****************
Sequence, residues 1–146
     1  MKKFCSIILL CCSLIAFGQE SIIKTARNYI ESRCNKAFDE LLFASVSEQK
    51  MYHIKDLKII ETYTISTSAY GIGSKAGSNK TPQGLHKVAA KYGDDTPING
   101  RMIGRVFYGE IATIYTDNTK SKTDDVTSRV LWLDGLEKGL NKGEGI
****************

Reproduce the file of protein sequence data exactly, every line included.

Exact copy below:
Sequence, residues 1–146
     1  MKKFCSIILL CCSLIAFGQE SIIKTARNYI ESRCNKAFDE LLFASVSEQK
    51  MYHIKDLKII ETYTISTSAY GIGSKAGSNK TPQGLHKVAA KYGDDTPING
   101  RMIGRVFYGE IATIYTDNTK SKTDDVTSRV LWLDGLEKGL NKGEGI